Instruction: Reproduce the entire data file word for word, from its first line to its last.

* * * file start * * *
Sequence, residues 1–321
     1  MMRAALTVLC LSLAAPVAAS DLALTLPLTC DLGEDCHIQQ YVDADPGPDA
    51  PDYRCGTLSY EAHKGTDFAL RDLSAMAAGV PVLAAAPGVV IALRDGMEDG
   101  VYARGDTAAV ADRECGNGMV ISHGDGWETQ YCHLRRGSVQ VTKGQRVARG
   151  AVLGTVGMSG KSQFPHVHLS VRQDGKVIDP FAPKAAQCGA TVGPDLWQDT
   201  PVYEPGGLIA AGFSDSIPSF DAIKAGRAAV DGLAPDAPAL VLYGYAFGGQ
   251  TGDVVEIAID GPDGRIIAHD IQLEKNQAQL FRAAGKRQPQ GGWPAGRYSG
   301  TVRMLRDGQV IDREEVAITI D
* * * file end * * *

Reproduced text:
Sequence, residues 1–321
     1  MMRAALTVLC LSLAAPVAAS DLALTLPLTC DLGEDCHIQQ YVDADPGPDA
    51  PDYRCGTLSY EAHKGTDFAL RDLSAMAAGV PVLAAAPGVV IALRDGMEDG
   101  VYARGDTAAV ADRECGNGMV ISHGDGWETQ YCHLRRGSVQ VTKGQRVARG
   151  AVLGTVGMSG KSQFPHVHLS VRQDGKVIDP FAPKAAQCGA TVGPDLWQDT
   201  PVYEPGGLIA AGFSDSIPSF DAIKAGRAAV DGLAPDAPAL VLYGYAFGGQ
   251  TGDVVEIAID GPDGRIIAHD IQLEKNQAQL FRAAGKRQPQ GGWPAGRYSG
   301  TVRMLRDGQV IDREEVAITI D